It was like Kafka.
“World According to Russia,” she said to me over the phone. “Hello!”
I was slightly taken back that someone in a Russian office would pick up after the first ring.
“Yes, hello,” she repeated. “World According to Russia. How can I help you?”
“Yes, um. Hello… I mean: Allo!” and that’s when I switched back to my native tongue, and I don’t know why. “Zdravstvui’te!”
I was respectful but immediately nervous. Whenever speaking to any Russian bureaucrat, I tend to lose a grasp on my otherwise unwavering — to some, obnoxious — self-esteem.
It makes no sense to English speakers, but there are several types of Russian.
“Well, it is like dialects?” an American would ask me.
No. I’d rather think of it as this: That the entire history of my dear tortured Motha’land had made a mark onto my native tongue of poetic beauty — by splitting it into as many personalities as there were regimes.
First, there is the pretty Russian, used mostly in literature: I’m pretty good at that one, and I dig the way it translates. Then, there is the Soviet street talk: A blend of Yiddish and something crass and always funny, it is the most expressive of them all.
Motha speaks in that one well, and normally our chats result in my dashing for the bathroom, at the end.
“Who needz fuckingg Pilates, eh — vhen ve laugh and laugh like zis?!” She would sometimes say that from behind my bathroom door, while I would clutch my bladder and beg her to “PLEASE! STOP!”
She is right though: My motha’s stand-up routine is the best form of ab workout I have ever known. But I do not speak her language: I only marvel at the way it turns its words from inside out, and it makes for such comedy, as a result.
The street talk of the contemporary Russians is something I’ve only briefly overheard on the lips of those hotheaded Muscovites, all clad in black leather jackets and American labels, whenever I catch them being interviewed by BBC. Most of the time though, they tend to switch to English anyway, which then comes out eloquently and with a very little accent. The tall female beauties speak in that tongue as well. They are, however, most often accompanied by older men of stoic nature who speak on their behalf. And when they speak to women, the men tend to address them slightly condescendingly, or like little girls.
The third personality of Russian — is the one I fear the most. It is the one adopted by the Russian Consulates, bilingual politicians or lawyers in West Hollywood. It’s not just legal lingo though. Again: It’s NOT a dialect!
This type of Russian is choppy, filled with acronyms and abbreviations that I have no skills for breaking down. Instead, I panic, ask them to slow down; then, reiterate their statements again and again. Considering that most bureaucrats are at a lack for time, such interactions don’t end well for me. The people who should have the answers leave me to my own devices, while they, nearly irate, roll their eyes at my degree of helplessness and walk out on me — or hang up.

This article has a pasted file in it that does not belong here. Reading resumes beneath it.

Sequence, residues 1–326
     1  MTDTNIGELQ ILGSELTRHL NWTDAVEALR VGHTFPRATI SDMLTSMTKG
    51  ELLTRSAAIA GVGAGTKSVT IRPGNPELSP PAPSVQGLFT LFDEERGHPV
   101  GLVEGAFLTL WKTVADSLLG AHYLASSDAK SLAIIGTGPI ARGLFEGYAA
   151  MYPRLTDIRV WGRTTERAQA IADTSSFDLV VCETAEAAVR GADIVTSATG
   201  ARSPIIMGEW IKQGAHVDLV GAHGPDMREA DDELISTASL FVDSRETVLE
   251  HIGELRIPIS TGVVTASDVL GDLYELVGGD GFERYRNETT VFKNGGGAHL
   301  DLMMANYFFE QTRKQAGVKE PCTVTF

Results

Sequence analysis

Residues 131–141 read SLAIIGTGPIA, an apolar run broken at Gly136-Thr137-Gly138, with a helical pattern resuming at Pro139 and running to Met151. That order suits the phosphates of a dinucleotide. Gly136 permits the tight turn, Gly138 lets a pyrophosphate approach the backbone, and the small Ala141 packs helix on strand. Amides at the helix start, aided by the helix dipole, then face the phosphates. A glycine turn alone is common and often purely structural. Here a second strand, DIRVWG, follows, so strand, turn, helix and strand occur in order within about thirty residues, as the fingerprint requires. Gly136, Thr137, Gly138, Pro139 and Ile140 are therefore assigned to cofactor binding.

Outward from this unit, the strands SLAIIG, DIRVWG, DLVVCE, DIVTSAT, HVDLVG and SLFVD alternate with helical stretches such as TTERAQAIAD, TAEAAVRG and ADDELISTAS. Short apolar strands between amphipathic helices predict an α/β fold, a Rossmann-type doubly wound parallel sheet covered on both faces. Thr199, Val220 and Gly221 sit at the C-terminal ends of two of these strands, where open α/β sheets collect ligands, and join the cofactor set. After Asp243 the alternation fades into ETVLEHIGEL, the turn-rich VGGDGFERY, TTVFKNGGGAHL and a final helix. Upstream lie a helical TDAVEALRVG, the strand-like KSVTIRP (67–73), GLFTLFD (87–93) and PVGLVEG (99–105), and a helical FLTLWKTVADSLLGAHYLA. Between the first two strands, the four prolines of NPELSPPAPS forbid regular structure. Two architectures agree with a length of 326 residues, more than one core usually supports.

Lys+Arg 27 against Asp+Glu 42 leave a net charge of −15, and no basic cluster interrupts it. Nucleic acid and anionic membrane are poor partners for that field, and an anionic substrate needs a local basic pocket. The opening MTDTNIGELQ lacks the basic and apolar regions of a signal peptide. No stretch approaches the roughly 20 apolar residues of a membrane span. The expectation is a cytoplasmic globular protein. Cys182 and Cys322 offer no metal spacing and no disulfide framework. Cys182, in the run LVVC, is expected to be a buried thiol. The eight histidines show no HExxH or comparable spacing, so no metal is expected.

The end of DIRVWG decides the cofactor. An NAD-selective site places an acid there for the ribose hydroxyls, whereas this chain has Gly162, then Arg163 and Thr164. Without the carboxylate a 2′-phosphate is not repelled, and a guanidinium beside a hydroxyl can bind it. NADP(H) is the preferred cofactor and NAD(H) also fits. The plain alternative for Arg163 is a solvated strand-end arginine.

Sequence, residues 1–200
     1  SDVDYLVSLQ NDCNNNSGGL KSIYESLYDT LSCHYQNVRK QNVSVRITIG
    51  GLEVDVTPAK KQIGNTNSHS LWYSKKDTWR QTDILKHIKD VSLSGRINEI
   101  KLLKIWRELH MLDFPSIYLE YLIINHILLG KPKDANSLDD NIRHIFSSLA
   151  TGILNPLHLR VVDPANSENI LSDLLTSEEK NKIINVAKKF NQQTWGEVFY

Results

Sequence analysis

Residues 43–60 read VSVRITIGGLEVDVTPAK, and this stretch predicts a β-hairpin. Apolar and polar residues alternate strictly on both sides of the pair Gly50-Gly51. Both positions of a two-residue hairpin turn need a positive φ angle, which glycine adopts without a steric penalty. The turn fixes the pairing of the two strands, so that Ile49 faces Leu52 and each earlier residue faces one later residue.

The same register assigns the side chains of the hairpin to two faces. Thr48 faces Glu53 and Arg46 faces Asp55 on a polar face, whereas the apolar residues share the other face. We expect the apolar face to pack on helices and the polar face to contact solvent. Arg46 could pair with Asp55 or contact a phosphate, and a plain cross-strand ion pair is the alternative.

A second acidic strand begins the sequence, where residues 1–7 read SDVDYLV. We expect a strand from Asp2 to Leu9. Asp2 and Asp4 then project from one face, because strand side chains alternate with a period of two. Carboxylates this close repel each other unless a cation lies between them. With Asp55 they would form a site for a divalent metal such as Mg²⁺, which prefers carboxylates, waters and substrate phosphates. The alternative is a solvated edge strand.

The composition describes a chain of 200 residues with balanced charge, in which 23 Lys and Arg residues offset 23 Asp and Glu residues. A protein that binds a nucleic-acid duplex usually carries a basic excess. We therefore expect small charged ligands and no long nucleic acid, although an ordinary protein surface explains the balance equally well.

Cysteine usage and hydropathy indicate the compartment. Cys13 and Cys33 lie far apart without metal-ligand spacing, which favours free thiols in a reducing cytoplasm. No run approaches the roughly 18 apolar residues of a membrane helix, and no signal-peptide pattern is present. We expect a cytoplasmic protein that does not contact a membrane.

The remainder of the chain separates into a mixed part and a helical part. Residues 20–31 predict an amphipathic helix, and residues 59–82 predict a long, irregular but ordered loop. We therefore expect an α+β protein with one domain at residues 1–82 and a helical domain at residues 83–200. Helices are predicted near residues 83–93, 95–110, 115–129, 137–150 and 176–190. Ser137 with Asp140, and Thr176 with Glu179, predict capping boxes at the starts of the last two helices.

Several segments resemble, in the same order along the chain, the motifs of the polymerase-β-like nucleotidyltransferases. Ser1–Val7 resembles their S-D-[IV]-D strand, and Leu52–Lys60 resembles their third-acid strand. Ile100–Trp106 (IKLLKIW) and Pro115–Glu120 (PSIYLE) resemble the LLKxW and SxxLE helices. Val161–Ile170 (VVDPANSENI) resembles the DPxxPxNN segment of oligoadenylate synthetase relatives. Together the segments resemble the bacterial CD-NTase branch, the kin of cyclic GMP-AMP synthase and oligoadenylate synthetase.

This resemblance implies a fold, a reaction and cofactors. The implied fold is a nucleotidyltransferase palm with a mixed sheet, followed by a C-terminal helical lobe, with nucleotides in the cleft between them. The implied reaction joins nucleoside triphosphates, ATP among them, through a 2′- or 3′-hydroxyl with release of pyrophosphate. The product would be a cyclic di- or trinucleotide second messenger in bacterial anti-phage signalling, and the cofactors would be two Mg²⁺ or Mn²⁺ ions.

The woman on the phone had switched to Russian, too. I have to give it to her: She sounded quite pleasant, so far. Not really perky, no; but pleasant nonetheless. I guess she never knew who could be calling her. It could be an American, and an American always expects a certain standard of customer service (the concept of which doesn’t even exist in my native tongue, no matter its personality).
“How can I help you, young woman?” she said to me, sounding almost aristocratic.
I relaxed a bit: “Um. Well. I wanted to know about traveling to Russia with an American passport.”
There was a pause. She didn’t budge.
“Would one need a visa?” I gave her a little more.
“But of course!”
Aha! The way she said it almost sounded irate. Was that a dumb question? Or did I expect her to be rude? I tried to sooth the situation.
“Um. Okay. Well. How would one… go about… THAT? Da?”
“You would have to bring documentation that proves you’re no longer a Russian citizen.”
“Um. Okay. But isn’t having an American passport enough of a proof?”
“Young woman,” her voice got slightly terser. “Do you know how many Russians live here with both passports?”
I didn’t know.
“Is that like dual citizenship?” I jumped: Look at me, being smart ‘n’ all! But I did have to switch to English to deliver that.
“I wouldn’t go that far,” the woman answered, also in English.
At any moment now, she would hang up on me, I thought. She owed me nothing. She was doing this for free.
“Um. Okay. What do I do to prove that I am an American and NOT a Russian citizen.”
“You would have to show us papers renouncing your Russian citizenship.”
“Renouncing?!” That sounded harsh. Nyet?!
But the answer was simply: “Da.”
“Um. Okay. How do I do that?”
“You have to bring your Russian passport…”
“Well. Yes, you see: I do not have one.”
“Then, you must apply!”
The woman proceeded to breakdown timelines and fees. I panicked and asked her to slow down. The gist was this: It would take half a grand to get the passport that I would then have to renounce. In terms of time, I was looking at pretty much a year.
“Um. What if I don’t renounce it?” I said. (If I can help it, I’d rather never renounce anything in life.)
“Then, you still pay and wait to get the passport.”
There was more silence. I wanted to reiterate, but the absurdity was pretty clear already. There would be paperwork and fees, then a long wait. And then, another stage of paperwork, and fees, and more long wait. But at least, it sounded Russian!
The silence lasted. The woman almost gave in:
“Unless you were born here…” She was giving me an inch… a centimeter.
“No,” I said. I wasn’t sure which language I was using at that point.
I think the woman sensed the shock, because she took some mercy on me:
“When did you come here, miss?”
“Um. Sixteen years ago.”
“WHAT YEAR?” and just like that, she was about to get irate, again.
“Nineteen… Oh, I dunno. 1997, I think?”
“Ah, yes. You’re one of those,” the woman said. “You have no choice.”